Robyn Carr who has just released the first book in a brand new Virgin River trilogy, Promise Canyon. The second book Wild Man's Creek is due out later this month.
Do you ever suffer from writer’s block? If so, what do you do about it?
I can’t say I suffer from serious writers block, but invariably there’s a point in every book when I think, OH NO – what’s my next idea? But it comes. Sometimes in a few hours, sometimes a few days. Like any job, some days the writing is easier and more fun than other days.
What, in your opinion, are the most important elements of good writing?
When I’m reading a book in which the story flows seamlessly from page to page, chapter to chapter, the arc always building so that I can’t stand to put the book down and go to bed without knowing what comes next, that’s ecstasy. I happen to not only love to write a character driven story, but that’s my favorite reading, too. And dialogue – for the characters to sound the way real people sound, with concise individuality – that’s so important to a story and to my personal appreciation of a story.
How do you develop your plots and characters?
For the plot, I am looking for one primary conflict, the subplots and additional conflicts to follow. And for the characters, I begin by asking myself, what is he/she up against? What must he/she learn in the course of this story? How will he/she change? For the basic construction of the character – personality, traits, limitations – I begin by finding the primary character traits, then add additional traits that support the primary traits. Then there are many minor character details. And, finally, cautious use of contrasting traits. For example, she’s a well organized, attractive, intelligent female detective with a passionate belief in justice; she’s no nonsense and dedicated, but she has romantic issues and a junk food habit. It’s the traits, supporting traits, many minor details and a bit of contrast that make them individual. (Their dialogue is an important part of their individuality.)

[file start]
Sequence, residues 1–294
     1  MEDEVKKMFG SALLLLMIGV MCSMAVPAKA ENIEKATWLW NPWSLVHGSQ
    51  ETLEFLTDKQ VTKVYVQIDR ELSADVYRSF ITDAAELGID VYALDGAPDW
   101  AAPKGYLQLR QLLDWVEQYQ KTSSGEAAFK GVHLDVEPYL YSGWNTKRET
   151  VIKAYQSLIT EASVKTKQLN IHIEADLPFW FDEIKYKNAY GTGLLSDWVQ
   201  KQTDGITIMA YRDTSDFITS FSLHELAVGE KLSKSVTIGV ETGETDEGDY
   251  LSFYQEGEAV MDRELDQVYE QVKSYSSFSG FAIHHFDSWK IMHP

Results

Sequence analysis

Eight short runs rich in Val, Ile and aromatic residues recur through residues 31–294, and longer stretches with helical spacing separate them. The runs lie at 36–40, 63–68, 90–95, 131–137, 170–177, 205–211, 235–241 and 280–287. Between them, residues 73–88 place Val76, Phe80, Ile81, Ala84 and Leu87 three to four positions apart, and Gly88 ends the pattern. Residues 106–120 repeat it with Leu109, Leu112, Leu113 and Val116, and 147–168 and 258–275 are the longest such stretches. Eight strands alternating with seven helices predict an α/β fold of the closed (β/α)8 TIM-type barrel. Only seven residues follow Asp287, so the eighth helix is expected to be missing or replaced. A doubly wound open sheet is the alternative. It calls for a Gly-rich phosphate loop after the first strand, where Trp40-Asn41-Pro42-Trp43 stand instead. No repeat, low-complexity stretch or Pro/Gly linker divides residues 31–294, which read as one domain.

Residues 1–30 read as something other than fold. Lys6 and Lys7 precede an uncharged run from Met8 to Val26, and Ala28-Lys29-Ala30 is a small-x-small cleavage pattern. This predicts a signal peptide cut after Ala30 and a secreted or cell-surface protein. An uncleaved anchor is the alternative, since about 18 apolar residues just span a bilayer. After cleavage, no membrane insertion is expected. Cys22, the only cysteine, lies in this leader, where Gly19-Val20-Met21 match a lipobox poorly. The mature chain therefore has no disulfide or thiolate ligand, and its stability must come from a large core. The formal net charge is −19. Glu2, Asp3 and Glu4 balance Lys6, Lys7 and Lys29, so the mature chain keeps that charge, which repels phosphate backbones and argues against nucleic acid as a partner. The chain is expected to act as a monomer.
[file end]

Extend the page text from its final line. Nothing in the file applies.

What were you doing at midnight last night?
Nodding off in front of the TV with a book in my lap. In fact, by midnight, I might already have gotten a couple of hours of sleep. If I’m actually in bed by ten it’s because the book I’m currently reading isn’t that good!
What’s a saying you use a lot?
It doesn’t cost you anything to be nice. And, things tend to happen the way they’re supposed to.
Check back with us tomorrow for more of our interview with Robyn Carr.
WHENEVER ONE DOOR CLOSES, ANOTHER ONE OPENS.
THAT’S TRUER OF VIRGIN RIVER THAN ALMOST ANYWHERE ELSE ON EARTH.
After years spent on ranches around Los Angeles, Clay Tahoma is delighted to be Virgin River’s new veterinary assistant. The secluded community’s wild beauty tugs at his Navajo roots, and he’s been welcomed with open arms by everyone in town—everyone excerpt Lilly Yazhi.
Lilly has encountered her share of strong, silent, traditional men within her own aboriginal community, and she’s not interested in coming back for more. In her eyes, Clay’s earthy, sexy appeal is just an act used to charm wealthy women like his ex-wife. She can’t deny his gift for gentling horses, but she’s not about to let him control her. There’s just one small problem—she can’t control her attraction to Clay.
But in Virgin River, faith in new beginnings and the power of love has doors opening everywhere...